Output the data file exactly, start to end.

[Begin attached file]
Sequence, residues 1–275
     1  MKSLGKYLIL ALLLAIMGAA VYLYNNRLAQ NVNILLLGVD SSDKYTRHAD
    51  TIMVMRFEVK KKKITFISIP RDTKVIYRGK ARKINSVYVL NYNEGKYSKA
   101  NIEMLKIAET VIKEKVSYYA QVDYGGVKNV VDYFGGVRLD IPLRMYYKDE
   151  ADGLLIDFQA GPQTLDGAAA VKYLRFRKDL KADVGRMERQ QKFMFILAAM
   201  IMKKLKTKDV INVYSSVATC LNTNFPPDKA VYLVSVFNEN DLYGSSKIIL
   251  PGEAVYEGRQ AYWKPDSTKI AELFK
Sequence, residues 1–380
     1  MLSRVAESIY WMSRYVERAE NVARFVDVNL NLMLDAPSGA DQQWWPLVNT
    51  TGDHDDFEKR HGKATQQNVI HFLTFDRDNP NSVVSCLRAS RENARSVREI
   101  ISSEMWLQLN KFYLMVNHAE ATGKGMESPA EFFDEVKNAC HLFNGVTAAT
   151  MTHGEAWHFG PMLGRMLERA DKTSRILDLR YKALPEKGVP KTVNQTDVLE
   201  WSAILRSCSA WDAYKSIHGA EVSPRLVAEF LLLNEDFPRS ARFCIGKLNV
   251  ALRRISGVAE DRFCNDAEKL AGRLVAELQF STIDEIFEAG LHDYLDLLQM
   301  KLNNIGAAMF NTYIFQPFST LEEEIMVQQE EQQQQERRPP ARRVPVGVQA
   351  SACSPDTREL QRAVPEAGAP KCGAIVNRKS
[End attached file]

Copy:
Sequence, residues 1–275
     1  MKSLGKYLIL ALLLAIMGAA VYLYNNRLAQ NVNILLLGVD SSDKYTRHAD
    51  TIMVMRFEVK KKKITFISIP RDTKVIYRGK ARKINSVYVL NYNEGKYSKA
   101  NIEMLKIAET VIKEKVSYYA QVDYGGVKNV VDYFGGVRLD IPLRMYYKDE
   151  ADGLLIDFQA GPQTLDGAAA VKYLRFRKDL KADVGRMERQ QKFMFILAAM
   201  IMKKLKTKDV INVYSSVATC LNTNFPPDKA VYLVSVFNEN DLYGSSKIIL
   251  PGEAVYEGRQ AYWKPDSTKI AELFK
Sequence, residues 1–380
     1  MLSRVAESIY WMSRYVERAE NVARFVDVNL NLMLDAPSGA DQQWWPLVNT
    51  TGDHDDFEKR HGKATQQNVI HFLTFDRDNP NSVVSCLRAS RENARSVREI
   101  ISSEMWLQLN KFYLMVNHAE ATGKGMESPA EFFDEVKNAC HLFNGVTAAT
   151  MTHGEAWHFG PMLGRMLERA DKTSRILDLR YKALPEKGVP KTVNQTDVLE
   201  WSAILRSCSA WDAYKSIHGA EVSPRLVAEF LLLNEDFPRS ARFCIGKLNV
   251  ALRRISGVAE DRFCNDAEKL AGRLVAELQF STIDEIFEAG LHDYLDLLQM
   301  KLNNIGAAMF NTYIFQPFST LEEEIMVQQE EQQQQERRPP ARRVPVGVQA
   351  SACSPDTREL QRAVPEAGAP KCGAIVNRKS